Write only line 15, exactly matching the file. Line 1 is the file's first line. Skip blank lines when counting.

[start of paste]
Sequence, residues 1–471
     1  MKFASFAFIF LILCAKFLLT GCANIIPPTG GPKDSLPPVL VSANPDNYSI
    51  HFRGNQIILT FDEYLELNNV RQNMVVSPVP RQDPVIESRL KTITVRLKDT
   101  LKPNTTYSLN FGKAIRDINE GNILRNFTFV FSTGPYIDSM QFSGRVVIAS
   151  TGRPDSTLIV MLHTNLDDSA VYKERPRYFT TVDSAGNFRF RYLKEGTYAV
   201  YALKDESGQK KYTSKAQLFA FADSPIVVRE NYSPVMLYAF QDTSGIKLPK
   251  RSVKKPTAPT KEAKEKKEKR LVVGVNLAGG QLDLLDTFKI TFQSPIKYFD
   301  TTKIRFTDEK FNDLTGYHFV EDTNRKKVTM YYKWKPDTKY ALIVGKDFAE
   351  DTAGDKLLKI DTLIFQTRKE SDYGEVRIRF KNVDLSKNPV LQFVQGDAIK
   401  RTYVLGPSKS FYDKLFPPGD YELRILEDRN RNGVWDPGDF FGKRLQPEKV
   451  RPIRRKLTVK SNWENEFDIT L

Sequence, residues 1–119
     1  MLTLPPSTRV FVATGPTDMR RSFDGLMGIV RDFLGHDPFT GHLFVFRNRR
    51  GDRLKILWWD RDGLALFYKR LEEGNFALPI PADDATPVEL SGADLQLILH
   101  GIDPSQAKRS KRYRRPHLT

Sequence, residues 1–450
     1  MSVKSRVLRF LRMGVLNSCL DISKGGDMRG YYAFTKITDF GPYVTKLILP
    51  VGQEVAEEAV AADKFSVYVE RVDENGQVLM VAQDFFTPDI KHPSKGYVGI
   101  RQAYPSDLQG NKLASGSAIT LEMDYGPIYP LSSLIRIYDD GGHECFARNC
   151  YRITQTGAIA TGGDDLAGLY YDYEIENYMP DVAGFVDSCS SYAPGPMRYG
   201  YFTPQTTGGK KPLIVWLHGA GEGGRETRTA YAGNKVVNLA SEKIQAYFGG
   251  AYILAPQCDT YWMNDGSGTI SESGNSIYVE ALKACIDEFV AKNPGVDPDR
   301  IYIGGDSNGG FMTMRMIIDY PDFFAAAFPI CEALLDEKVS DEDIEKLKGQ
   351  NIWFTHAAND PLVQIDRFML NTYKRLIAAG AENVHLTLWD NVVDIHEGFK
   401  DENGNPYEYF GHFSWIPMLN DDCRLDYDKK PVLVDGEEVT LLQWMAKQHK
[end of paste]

   101  GIDPSQAKRS KRYRRPHLT